Early in 2009, the British government was preparing to bail out Royal Bank of Scotland for the second time in four months. An emergency injection of capital in October 2008 had failed to shore up confidence. Now taxpayers were being asked to cover potential losses on almost 300 billion pounds of toxic RBS assets. Yet as the details of the rescue were finalised, British public opinion was in uproar over a much, much smaller sum: the 700,000 pound a year pension being paid to Fred Goodwin, the bank’s former chief executive.

from Breakingviews:

E-book: China’s mounting debt problem

By Peter Thal Larsen

(The author is a Reuters Breakingviews columnist. The opinions expressed are his own)

 

The country’s economic rise is built on cheap finance. But with debt nearing 200 percent of GDP and much investment wasted, the foundations are looking shaky. “The East is Red” examines the origins of the boom, the current strains, and the painful choices China now faces.

from Breakingviews:

Review: Will the real Mao please stand up?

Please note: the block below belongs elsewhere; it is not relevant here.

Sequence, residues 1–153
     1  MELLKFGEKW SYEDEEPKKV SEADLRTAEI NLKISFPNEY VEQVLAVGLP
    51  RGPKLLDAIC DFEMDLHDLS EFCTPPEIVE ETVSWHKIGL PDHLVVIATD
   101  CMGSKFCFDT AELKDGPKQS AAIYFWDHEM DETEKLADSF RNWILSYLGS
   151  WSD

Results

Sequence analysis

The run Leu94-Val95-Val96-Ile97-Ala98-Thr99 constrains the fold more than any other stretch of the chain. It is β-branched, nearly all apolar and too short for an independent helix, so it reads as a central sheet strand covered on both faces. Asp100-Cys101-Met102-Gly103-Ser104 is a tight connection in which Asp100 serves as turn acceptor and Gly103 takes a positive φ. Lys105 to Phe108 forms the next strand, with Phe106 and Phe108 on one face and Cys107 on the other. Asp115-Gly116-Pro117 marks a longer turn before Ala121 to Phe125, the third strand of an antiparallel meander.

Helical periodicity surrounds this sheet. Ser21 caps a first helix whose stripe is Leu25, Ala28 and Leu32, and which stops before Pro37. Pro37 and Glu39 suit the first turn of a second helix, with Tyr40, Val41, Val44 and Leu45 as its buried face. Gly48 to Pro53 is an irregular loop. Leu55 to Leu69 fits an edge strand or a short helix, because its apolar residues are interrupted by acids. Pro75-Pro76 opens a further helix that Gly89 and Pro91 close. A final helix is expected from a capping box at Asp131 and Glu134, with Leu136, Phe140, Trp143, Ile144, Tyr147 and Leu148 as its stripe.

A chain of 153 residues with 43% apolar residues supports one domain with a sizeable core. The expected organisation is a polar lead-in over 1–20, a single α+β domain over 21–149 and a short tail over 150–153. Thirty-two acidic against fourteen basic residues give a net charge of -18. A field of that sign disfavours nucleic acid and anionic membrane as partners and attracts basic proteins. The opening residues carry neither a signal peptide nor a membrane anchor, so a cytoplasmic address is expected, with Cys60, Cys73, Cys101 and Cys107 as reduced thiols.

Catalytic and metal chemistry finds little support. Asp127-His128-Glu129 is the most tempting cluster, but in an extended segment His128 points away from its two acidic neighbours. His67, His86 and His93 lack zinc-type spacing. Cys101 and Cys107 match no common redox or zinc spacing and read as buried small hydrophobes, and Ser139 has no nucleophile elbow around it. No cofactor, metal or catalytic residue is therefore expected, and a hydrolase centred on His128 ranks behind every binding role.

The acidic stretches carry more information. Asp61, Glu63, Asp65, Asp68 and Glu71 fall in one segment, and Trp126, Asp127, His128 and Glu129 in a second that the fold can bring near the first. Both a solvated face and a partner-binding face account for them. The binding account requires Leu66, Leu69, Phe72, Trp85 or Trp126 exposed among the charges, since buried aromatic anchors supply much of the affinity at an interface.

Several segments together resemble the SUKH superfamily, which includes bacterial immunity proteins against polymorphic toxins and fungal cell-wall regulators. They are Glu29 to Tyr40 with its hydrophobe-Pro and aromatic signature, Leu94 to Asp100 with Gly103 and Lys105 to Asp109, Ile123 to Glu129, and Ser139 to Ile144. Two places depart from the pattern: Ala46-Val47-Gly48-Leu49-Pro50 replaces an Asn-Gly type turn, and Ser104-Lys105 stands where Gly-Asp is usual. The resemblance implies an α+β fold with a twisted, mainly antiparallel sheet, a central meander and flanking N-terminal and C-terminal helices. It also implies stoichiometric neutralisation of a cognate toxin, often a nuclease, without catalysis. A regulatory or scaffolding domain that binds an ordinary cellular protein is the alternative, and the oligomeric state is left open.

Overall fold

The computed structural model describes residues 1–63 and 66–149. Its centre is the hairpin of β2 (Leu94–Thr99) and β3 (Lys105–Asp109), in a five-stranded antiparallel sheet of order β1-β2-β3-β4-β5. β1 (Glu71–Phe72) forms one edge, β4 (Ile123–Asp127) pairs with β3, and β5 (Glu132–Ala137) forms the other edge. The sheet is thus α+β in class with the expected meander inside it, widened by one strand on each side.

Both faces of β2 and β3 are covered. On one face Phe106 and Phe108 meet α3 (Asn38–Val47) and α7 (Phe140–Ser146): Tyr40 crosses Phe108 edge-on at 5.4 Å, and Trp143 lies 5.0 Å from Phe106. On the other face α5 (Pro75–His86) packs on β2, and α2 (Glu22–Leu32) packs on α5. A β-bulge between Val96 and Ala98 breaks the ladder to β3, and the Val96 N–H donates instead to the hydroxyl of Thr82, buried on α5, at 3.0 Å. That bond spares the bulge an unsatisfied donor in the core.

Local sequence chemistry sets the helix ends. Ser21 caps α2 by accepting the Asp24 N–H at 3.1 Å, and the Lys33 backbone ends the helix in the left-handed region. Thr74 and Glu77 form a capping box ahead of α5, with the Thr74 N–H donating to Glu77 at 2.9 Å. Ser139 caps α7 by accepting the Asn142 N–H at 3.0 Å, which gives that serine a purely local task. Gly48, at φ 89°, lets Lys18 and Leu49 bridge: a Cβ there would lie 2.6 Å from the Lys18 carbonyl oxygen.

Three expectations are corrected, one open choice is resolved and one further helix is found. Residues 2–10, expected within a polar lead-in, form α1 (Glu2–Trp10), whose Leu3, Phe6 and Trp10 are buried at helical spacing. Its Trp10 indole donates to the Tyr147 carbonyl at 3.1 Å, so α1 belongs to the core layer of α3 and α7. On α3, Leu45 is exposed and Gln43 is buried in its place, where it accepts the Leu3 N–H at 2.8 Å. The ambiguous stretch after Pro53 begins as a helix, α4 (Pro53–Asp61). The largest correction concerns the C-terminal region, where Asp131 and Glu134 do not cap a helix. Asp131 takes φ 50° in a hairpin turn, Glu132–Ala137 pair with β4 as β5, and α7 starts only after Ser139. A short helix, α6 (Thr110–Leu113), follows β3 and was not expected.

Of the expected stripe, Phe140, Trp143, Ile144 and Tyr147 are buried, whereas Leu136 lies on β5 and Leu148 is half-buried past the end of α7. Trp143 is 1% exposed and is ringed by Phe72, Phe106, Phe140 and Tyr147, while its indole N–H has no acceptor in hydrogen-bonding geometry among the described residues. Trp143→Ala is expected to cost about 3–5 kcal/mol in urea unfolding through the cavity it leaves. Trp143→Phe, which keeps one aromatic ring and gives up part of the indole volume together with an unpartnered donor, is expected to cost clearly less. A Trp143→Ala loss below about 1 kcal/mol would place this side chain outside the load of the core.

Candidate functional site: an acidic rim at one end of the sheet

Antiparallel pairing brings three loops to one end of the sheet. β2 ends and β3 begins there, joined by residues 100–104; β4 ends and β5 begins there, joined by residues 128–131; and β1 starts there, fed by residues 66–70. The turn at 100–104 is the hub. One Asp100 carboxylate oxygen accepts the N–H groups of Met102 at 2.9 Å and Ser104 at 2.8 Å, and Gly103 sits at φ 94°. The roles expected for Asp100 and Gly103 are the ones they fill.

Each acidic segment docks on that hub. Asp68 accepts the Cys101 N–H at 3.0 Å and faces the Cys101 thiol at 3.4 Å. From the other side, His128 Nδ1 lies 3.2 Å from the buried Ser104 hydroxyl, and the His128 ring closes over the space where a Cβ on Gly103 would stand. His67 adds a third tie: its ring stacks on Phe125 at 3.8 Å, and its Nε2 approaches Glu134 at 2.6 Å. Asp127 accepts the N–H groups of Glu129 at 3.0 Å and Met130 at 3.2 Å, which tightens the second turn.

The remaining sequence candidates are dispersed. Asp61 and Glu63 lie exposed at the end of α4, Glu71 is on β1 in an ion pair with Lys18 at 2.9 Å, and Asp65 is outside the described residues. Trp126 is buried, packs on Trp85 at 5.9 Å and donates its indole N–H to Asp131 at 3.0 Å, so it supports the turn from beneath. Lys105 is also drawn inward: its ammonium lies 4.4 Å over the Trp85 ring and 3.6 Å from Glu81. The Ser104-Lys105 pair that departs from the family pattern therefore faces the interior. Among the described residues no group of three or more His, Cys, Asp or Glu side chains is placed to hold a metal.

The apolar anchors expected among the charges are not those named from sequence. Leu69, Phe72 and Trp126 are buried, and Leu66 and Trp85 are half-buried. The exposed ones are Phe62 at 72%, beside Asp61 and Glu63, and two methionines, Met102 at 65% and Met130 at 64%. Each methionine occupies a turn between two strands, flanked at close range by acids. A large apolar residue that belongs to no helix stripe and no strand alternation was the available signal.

By Katrina Hamlin

The author is a Reuters Breakingviews columnist. The opinions expressed are her own.

The portrait of Mao Zedong watches over Beijing’s Tiananmen Square, but it’s still impossible to know the man behind the myth. Nearly four decades after his death, China’s modern leaders invoke his name at their own risk. Consider two of the most popular English-language biographers of the Great Helmsman.

from India Insight:

Piecing together the ‘Great Tamasha’ of Indian cricket

The Great Tamasha” is a book about cricket, but it is also a tale about the rapid rise of modern India and the corruption that plagues it. A series of scandals in the Indian Premier League (IPL), the glitzy Twenty20 tournament run by the country’s cricket board, got James Astill hooked to the game in India. What followed was the 40-year-old journalist’s first book - an account of India’s rich cricketing tradition, politics, religion and the emergence of the cash-rich IPL.